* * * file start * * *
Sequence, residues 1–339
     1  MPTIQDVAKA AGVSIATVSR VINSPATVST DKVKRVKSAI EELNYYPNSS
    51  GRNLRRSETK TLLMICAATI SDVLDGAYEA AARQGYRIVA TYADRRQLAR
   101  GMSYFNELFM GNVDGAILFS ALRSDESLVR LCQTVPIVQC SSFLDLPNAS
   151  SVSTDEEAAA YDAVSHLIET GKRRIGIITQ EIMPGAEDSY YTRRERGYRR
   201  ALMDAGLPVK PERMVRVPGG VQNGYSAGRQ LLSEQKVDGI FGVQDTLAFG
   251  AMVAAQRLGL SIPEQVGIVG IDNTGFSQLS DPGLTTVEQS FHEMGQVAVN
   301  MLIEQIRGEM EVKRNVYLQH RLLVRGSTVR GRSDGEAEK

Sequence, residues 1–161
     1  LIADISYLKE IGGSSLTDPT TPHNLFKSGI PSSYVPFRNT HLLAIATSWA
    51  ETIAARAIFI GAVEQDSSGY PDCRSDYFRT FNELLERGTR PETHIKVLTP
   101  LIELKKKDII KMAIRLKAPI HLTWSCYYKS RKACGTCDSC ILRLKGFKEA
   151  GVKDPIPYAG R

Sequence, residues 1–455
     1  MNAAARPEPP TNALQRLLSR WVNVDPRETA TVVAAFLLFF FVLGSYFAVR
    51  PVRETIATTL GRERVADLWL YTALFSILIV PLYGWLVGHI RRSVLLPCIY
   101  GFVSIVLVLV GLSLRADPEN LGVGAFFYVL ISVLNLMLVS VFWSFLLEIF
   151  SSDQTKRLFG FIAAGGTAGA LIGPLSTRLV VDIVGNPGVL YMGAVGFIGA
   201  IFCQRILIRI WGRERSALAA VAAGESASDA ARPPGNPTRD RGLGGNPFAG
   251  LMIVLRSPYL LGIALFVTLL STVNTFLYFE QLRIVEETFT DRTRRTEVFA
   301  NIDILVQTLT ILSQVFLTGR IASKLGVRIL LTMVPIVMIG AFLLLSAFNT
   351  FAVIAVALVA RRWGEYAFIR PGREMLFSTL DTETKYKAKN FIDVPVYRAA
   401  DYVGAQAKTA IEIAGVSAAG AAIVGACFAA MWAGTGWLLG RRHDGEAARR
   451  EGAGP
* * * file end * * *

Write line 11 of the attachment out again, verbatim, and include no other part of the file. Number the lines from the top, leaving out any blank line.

    51  ETIAARAIFI GAVEQDSSGY PDCRSDYFRT FNELLERGTR PETHIKVLTP